I’m taking a bit of time to brush up my knowledge of F# and see if I can write better F# code and one of the things I notice is that whilst I use pipe-forward operator (|>) often when working with collections I don’t nearly use the pipe-backward operator (<|) as frequently as I should. It makes sense as the pipe-forward operator works similar to the way LINQ and IEnumerable works, just to remind myself and others like me how these work:
Pipe-forward operator (|>)
Pipe-forward operator lets you pass an intermediate result onto the next function, it’s defined as:
let (|>) x f = f x
You can add further processing steps to this intermediate result:
Forward composition operator (>>)
The forward composition operator lets you ‘compose’ functions together in a way similar to the way the pipe-forward operator lets you chain function delegates together, it is defined as:
let (>>) f g x = g (f x)
Now imagine if you have two functions:
You can use them to build a high-order function that returns triples the square of a float, n, using the >> operator:
This is syntactically cleaner and easier to read than:
and it’s especially useful when chaining together a large number of functions.
Pipe-backward operator (<|)
The pipe-backward operator takes a function on the left and applies it to a value on the right:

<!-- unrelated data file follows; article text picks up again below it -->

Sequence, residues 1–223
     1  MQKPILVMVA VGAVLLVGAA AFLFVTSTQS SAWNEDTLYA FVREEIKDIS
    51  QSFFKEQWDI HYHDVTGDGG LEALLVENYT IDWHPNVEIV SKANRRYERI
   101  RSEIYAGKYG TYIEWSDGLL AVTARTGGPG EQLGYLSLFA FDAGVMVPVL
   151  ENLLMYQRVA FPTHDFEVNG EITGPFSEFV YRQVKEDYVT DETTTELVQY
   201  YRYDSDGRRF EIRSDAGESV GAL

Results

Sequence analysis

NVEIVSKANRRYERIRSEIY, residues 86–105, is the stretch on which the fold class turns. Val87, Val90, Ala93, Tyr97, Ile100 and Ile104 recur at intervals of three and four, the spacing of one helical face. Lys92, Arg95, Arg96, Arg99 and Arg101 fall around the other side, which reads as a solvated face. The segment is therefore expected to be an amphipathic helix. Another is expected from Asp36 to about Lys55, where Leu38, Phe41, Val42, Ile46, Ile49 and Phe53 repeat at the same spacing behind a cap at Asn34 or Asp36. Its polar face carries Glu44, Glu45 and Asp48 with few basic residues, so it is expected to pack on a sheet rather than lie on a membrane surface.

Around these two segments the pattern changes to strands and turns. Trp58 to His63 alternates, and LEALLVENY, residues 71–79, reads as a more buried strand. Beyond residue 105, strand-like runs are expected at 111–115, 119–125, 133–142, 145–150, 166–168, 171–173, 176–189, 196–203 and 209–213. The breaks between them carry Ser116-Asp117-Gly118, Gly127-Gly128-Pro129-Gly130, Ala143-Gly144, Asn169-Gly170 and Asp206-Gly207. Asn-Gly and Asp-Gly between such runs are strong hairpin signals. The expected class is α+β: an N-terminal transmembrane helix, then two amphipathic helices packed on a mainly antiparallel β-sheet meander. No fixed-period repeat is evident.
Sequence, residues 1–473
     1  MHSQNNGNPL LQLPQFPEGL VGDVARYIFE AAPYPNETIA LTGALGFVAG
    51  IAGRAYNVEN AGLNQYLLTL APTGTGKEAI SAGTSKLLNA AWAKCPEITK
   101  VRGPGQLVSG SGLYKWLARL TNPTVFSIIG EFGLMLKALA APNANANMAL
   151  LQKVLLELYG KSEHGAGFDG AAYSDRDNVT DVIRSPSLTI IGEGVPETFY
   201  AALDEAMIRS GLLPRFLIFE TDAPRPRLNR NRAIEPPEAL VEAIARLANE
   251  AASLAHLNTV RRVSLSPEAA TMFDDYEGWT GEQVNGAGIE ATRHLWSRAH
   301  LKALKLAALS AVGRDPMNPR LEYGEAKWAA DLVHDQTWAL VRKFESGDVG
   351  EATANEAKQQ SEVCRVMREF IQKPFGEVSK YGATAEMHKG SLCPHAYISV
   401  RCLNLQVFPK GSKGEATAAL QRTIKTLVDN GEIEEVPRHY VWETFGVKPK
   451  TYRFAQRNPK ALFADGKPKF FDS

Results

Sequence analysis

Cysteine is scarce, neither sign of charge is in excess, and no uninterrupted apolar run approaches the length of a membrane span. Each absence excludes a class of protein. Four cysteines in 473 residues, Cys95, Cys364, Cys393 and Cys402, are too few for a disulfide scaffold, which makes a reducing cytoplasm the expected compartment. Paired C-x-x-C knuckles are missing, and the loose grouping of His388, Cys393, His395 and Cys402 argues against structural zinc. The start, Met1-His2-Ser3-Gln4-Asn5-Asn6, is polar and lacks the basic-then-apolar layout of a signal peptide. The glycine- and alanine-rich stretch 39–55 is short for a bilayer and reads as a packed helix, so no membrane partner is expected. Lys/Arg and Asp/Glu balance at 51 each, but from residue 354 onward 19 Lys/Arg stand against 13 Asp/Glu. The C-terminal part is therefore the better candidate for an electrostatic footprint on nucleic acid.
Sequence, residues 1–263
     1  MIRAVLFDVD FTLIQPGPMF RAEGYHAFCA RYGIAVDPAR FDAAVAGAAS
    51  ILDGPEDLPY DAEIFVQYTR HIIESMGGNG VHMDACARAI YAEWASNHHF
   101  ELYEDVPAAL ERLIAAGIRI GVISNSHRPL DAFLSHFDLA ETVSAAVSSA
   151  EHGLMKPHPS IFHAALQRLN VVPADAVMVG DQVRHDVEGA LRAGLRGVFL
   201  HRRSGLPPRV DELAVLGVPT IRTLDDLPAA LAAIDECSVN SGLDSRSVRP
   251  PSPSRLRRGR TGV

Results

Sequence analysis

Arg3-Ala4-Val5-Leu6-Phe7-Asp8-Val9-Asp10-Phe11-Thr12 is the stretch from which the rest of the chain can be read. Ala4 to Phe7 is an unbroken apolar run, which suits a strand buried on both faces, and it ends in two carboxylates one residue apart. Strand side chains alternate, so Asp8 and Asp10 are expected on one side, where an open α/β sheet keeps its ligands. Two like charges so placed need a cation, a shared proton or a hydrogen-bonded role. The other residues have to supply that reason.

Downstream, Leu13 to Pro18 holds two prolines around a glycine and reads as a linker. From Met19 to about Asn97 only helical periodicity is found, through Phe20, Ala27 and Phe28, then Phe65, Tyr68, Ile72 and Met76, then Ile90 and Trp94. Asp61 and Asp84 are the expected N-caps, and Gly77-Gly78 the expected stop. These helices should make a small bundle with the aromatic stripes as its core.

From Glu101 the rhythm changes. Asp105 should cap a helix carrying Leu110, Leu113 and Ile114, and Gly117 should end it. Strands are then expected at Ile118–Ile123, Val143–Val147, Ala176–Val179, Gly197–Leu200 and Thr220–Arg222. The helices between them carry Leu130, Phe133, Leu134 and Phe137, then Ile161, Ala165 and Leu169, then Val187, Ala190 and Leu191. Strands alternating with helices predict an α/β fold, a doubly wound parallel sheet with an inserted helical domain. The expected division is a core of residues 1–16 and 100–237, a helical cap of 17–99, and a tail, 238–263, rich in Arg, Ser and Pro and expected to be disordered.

let (<|) f x = f x
As unnecessary as it seems, the pipe-backward operator has an important purpose in allowing you to change operator precedence without those dreaded parentheses everywhere and improve readability of your code,.
can be written as
Backward composition operator (<<)
The inverse of the forward composition operator, the << operator takes two functions and applies the right function first and then the left, it’s defined as:
let (<<) f g x = f (g x)
Mostly I find it more suitable than the forward composition operator in cases where you want to negate the result of some function, for example, to find the odd numbers in a list:
Enjoy what you’re reading? Subscribe to my newsletter and get more content on AWS and serverless technologies delivered straight to your inbox.
I’m an AWS Serverless Hero and the author of Production-Ready Serverless. I have run production workload at scale in AWS for nearly 10 years and I have been an architect or principal engineer with a variety of industries ranging from banking, e-commerce, sports streaming to mobile gaming. I currently work as an independent consultant focused on AWS and serverless.
In this course, we’ll cover everything you need to know to use AWS Step Functions service effectively. Including basic concepts, HTTP and event triggers, activities, design patterns and best practices.
Here is a complete list of all my posts on serverless and AWS Lambda. In the meantime, here are a few of my most popular blog posts.
- Lambda optimization tip – enable HTTP keep-alive
- You are thinking about serverless costs all wrong
- Many faced threats to Serverless security
- We can do better than percentile latencies
- I’m afraid you’re thinking about AWS Lambda cold starts all wrong
- Yubl’s road to Serverless
- AWS Lambda – should you have few monolithic functions or many single-purposed functions?
- AWS Lambda – compare coldstart time with different languages, memory and code sizes
- Guys, we’re doing pagination wrong